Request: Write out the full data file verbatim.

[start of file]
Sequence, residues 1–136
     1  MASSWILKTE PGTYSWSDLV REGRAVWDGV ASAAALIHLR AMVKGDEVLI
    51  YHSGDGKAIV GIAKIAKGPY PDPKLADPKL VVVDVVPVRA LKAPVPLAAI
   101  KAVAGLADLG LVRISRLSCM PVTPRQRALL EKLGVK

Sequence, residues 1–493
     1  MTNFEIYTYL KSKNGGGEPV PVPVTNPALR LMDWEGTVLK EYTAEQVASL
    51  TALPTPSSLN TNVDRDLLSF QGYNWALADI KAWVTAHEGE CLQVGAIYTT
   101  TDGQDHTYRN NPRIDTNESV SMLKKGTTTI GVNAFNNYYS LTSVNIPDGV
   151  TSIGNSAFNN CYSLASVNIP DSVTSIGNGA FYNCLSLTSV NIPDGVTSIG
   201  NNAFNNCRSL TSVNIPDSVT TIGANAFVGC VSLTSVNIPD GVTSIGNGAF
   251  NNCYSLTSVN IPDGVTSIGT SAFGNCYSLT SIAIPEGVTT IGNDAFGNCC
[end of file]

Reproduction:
Sequence, residues 1–136
     1  MASSWILKTE PGTYSWSDLV REGRAVWDGV ASAAALIHLR AMVKGDEVLI
    51  YHSGDGKAIV GIAKIAKGPY PDPKLADPKL VVVDVVPVRA LKAPVPLAAI
   101  KAVAGLADLG LVRISRLSCM PVTPRQRALL EKLGVK

Sequence, residues 1–493
     1  MTNFEIYTYL KSKNGGGEPV PVPVTNPALR LMDWEGTVLK EYTAEQVASL
    51  TALPTPSSLN TNVDRDLLSF QGYNWALADI KAWVTAHEGE CLQVGAIYTT
   101  TDGQDHTYRN NPRIDTNESV SMLKKGTTTI GVNAFNNYYS LTSVNIPDGV
   151  TSIGNSAFNN CYSLASVNIP DSVTSIGNGA FYNCLSLTSV NIPDGVTSIG
   201  NNAFNNCRSL TSVNIPDSVT TIGANAFVGC VSLTSVNIPD GVTSIGNGAF
   251  NNCYSLTSVN IPDGVTSIGT SAFGNCYSLT SIAIPEGVTT IGNDAFGNCC